A grubby, unappealing caterpillar is designed to one day become a beautiful butterfly. One of the most fascinating aspects of this journey is the struggle it goes through as it emerges from the cocoon. The great effort forces fluid into its wings, strengthening them for flight. Any attempt to make it easier for the butterfly by breaking open the cocoon will leave it unable to spread its wings, and unfit to fend for itself.
A butterfly is the logo for Fresh Start Recovery Programme, an unusual, not-for-profit, treatment programme for opiate addictions, started 16 years ago by my Dad. My husband Kevin-Neil is the senior chaplain, and for the past few years has been hosting a weekly open meeting which has shifted our view of what “church” can look like. Fresh Start Community is a Jesus-centred gathering of people from all walks of life. Some of them are recovering from serious substance abuse. Some are homeless. Some are trying to move out of lifestyles of crime and prostitution. Some have come to minister to “addicts”, but ended up staying and allowing those “addicts” to minister to them. Many of them could tell you life stories which would move you to tears, and leave you shaken. And each one of them is engaged in the struggle to spread their wings and take flight.
In most churches, ministry takes place from the front. The leader often carries the responsibility for the spiritual growth and well-being of the entire community. In Fresh Start Community, they meet in a circle, and ministry takes place side-by-side. The facilitator creates space for people to reflect, and think, and share their stories and insights with one another – allowing space to “struggle well” together as they emerge from the things which hold them back from their true design.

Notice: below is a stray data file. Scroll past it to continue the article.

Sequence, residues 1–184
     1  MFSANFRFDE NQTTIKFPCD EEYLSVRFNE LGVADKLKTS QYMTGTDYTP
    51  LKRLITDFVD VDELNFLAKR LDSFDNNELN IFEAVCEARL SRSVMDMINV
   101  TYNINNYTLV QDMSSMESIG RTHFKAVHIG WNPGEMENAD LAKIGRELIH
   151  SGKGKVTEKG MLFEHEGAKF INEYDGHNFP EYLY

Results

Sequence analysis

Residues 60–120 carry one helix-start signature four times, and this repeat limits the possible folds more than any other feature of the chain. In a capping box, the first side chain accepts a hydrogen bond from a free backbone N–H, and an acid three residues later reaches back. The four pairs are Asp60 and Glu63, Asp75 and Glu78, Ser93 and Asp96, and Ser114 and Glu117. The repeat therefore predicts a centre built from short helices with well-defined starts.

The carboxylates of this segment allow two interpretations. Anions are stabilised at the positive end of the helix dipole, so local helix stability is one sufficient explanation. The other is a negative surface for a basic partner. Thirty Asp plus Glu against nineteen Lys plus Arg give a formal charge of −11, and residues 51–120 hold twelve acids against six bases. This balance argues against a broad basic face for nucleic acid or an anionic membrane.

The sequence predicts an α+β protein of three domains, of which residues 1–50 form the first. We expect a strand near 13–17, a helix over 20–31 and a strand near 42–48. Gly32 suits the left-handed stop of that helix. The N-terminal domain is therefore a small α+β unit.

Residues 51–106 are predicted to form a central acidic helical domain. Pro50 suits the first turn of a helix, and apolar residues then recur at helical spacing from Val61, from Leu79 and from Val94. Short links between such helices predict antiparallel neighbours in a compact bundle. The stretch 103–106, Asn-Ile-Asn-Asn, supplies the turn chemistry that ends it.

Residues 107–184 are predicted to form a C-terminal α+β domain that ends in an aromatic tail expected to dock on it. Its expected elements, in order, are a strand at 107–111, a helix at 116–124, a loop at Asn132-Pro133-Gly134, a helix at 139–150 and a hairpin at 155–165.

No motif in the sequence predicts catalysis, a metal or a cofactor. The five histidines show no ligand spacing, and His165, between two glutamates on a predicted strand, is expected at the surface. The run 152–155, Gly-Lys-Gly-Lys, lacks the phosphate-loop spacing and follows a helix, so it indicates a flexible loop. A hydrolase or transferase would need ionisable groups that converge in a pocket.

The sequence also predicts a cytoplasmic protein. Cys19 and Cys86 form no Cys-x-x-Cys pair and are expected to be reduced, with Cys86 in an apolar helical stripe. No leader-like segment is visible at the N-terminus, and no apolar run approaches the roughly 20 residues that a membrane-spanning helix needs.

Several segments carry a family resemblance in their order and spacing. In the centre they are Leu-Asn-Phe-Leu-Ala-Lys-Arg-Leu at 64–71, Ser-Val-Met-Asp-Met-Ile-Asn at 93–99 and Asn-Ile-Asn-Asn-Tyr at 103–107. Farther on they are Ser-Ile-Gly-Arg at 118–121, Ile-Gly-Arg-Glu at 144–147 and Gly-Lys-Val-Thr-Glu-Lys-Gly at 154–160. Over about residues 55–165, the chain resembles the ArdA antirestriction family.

It is a great privilege to work with people in recovery. They are often more willing than the rest of us to be honest, to be vulnerable, to acknowledge their need for God and for others. The Bible tells us God is close to the broken hearted. He is near to the downtrodden, the disenfranchised, the ostracised and undervalued. It doesn’t matter how badly anyone has messed up – God is always willing to wipe the slate clean and give that person a “fresh start”. If we are prepared to walk alongside people on the path towards transformation, we might just end up being transformed ourselves.